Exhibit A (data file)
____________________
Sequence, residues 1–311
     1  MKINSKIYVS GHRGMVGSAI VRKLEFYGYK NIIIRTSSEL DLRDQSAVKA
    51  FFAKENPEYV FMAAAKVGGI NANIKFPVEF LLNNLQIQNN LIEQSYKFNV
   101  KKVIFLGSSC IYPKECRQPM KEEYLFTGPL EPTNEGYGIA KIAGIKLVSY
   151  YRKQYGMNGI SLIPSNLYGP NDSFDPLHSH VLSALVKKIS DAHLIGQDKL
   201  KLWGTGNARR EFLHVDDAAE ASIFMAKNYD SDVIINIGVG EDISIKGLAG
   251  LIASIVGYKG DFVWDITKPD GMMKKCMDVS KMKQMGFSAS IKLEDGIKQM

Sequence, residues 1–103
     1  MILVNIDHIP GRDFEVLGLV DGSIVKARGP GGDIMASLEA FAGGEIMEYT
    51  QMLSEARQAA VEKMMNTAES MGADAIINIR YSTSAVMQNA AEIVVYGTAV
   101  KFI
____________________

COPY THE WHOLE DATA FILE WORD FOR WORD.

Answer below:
Sequence, residues 1–311
     1  MKINSKIYVS GHRGMVGSAI VRKLEFYGYK NIIIRTSSEL DLRDQSAVKA
    51  FFAKENPEYV FMAAAKVGGI NANIKFPVEF LLNNLQIQNN LIEQSYKFNV
   101  KKVIFLGSSC IYPKECRQPM KEEYLFTGPL EPTNEGYGIA KIAGIKLVSY
   151  YRKQYGMNGI SLIPSNLYGP NDSFDPLHSH VLSALVKKIS DAHLIGQDKL
   201  KLWGTGNARR EFLHVDDAAE ASIFMAKNYD SDVIINIGVG EDISIKGLAG
   251  LIASIVGYKG DFVWDITKPD GMMKKCMDVS KMKQMGFSAS IKLEDGIKQM

Sequence, residues 1–103
     1  MILVNIDHIP GRDFEVLGLV DGSIVKARGP GGDIMASLEA FAGGEIMEYT
    51  QMLSEARQAA VEKMMNTAES MGADAIINIR YSTSAVMQNA AEIVVYGTAV
   101  KFI